Australian cinema is represented by its largest slate ever at this year's Toronto Film Festival: 17 films will fly the flag in what's shaping up to be a vintage year of vibrancy and diversity. And the one person responsible for the record haul is the event's international programmer, Jane Schoettle.
Whereas Cannes and other festivals select by committee, Toronto's Schoettle is in a uniquely powerful position as artistic gatekeeper and sole selector, responsible for Australia and New Zealand, American independents and Israel. With the US indie scene currently in disarray, Schoettle has allocated more slots to Oz cinema this year, because she believes the industry is “sizzling”.
Her excitement has been fuelled by the vast range of genres and styles in this year's crop of films, by the diversity of voices represented and their original and contemporary edge.
“This slate of films represents a great break with tradition,” she says. “These movies subvert what the world has come to expect from Australian films. There are urban stories, films about Australians outside of their country (as in My Tehran For Sale), you have deep and richly textured family stories like Beautiful Kate and Blessed ; it's an extraordinary range of subject matter that grapples with a huge breadth of scenes and subjects. It's quite remarkable and Australians should be very, very proud.”
According to Schoettle, the slate represents the current momentum of Australian cinema, “but even beyond that it makes a statement: 'We're here, we have a deep and diverse pool of talent, and we're not going away'.”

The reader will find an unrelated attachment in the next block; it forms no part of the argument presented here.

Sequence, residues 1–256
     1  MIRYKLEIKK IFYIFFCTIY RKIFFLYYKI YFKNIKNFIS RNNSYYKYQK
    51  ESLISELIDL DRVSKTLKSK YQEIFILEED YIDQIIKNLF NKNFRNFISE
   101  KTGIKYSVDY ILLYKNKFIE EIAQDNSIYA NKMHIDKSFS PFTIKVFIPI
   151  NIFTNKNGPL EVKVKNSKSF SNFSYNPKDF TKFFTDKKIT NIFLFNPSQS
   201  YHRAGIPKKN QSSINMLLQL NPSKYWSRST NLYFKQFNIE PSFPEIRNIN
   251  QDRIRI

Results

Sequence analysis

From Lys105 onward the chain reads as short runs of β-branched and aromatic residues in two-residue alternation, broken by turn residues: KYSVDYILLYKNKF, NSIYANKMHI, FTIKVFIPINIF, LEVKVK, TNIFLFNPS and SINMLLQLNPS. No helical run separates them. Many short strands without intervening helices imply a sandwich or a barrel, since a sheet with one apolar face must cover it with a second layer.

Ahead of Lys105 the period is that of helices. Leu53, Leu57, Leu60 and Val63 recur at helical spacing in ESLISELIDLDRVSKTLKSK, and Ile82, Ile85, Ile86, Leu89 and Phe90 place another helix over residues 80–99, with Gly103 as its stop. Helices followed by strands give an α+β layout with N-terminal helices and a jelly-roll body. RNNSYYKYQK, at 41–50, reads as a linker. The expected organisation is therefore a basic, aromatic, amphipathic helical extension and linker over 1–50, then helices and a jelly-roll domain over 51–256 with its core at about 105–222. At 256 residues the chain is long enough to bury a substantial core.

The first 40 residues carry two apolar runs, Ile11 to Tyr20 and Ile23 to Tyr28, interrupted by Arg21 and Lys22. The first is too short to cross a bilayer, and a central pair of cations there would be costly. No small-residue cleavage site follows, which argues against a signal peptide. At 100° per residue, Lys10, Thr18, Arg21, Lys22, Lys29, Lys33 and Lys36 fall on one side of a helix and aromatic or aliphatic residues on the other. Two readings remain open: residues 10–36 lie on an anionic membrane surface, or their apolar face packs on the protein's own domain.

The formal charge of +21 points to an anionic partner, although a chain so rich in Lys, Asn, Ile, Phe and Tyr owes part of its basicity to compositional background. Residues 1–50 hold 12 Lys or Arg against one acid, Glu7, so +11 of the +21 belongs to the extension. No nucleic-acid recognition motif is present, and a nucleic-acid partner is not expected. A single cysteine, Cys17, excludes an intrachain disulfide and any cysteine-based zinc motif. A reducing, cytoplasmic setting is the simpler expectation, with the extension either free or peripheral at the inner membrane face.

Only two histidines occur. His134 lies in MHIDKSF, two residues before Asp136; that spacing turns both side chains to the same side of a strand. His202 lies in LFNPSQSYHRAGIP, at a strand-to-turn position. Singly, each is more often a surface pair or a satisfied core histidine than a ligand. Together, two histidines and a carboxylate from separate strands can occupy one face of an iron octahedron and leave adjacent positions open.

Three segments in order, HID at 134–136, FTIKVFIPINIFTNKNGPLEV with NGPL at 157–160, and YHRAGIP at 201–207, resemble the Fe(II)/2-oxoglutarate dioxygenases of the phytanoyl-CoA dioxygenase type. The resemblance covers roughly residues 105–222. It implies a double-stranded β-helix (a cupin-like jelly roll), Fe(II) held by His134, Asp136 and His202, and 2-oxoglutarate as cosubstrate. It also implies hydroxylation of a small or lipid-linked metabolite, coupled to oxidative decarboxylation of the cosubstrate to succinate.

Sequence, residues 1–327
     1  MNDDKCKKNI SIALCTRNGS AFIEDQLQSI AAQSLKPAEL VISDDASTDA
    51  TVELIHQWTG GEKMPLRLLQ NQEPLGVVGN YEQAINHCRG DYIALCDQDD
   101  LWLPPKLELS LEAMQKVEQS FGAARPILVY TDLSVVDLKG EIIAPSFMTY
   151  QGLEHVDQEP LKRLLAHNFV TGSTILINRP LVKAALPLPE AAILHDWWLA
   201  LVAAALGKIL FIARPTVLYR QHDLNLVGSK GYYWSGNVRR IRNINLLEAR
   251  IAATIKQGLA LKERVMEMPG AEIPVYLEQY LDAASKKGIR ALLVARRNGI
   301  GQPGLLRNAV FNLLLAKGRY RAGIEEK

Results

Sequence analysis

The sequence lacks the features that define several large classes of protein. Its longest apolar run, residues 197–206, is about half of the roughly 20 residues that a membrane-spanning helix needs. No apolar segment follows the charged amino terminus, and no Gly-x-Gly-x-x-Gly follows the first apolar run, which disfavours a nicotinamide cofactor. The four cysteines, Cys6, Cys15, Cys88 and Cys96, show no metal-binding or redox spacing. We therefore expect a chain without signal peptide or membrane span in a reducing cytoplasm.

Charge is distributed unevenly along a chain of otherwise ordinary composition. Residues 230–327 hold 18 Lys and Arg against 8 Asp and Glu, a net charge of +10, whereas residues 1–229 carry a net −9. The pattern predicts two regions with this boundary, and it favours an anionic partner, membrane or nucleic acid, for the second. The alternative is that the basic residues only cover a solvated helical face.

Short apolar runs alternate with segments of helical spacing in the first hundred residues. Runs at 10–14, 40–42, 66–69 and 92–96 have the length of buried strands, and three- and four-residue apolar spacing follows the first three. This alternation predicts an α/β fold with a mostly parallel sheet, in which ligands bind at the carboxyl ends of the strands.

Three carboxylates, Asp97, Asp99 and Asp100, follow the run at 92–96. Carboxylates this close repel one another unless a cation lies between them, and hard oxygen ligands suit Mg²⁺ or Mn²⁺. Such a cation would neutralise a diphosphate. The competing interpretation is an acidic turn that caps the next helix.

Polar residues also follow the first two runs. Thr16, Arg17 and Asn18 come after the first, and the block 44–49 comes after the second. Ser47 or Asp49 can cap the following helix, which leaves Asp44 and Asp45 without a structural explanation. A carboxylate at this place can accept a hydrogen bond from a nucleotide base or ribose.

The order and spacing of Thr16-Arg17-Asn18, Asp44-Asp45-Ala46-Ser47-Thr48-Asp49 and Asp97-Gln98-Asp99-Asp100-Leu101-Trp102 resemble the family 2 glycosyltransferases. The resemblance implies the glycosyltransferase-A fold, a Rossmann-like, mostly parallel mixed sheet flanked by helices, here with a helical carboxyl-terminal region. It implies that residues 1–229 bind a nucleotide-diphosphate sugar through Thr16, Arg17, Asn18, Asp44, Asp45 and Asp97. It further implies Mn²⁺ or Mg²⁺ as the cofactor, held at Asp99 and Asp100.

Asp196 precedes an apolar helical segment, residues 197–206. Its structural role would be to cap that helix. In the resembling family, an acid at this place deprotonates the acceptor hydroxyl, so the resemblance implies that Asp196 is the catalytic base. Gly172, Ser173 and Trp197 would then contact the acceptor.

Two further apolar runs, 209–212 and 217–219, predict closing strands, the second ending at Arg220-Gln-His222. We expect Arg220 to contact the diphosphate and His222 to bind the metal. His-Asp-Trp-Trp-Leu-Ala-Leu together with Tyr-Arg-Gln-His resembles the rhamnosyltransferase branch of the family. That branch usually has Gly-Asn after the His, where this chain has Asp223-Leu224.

Forget Hoges, Baz and Lara Bingle. When the Australian Tourism Commission seeks their next cultural ambassador, they should seriously consider Schoettle as a contender. At the very least, her passion for Oz cinema deserves an honorary citizenship.
Schoettle joined TIFF as selector/programmer in 2002, having previously founded the renowned Sprockets International Film Festival for Children, and developed several programs aimed at increasing cinema accessibility for the disenfranchised.
For the first five years of her TIFF tenure, she worked to a broad brief and looked at “virtually anything that came through our offices”. She quickly gained a reputation as discerning supporter of new talent when her selections – Hotel Rwanda (2004), Tsotsi (2005), and Bella (2006) – won the prestigious Cadillac People's Choice Award three years running
By then she wanted to specialise in specific territories, getting to know cultures in depth. Australia was at the top of her wish list. So when previous Oz selector/programmer, Noah Cowen, moved to another position, Schoettle says she lobbied for the Aussie gig.
“Interest in films starts someplace in your gut,” Schoettle explains. “You just feel drawn to certain things, and there are strong cultural similarities between our two countries. In both to some degree geography is destiny, we are part of the Commonwealth, we share similar aspects in our history as countries of very strong first nation cultures – the secondary European invasion has not always been dealt with in a positive and proper way. All of those things really spoke to me; I felt a kinship.”
Despite her admiration for Oz cinema's potential, her selection for her first year on the job was conservative; she programmed only four films, the lowest number in years. But her her visit to the bi-annual Adelaide Film Festival in February of this year marked a turning point. She was very impressed with a number of films and has continued to build on her early enthusiasm, viewing screeners of films completed since then.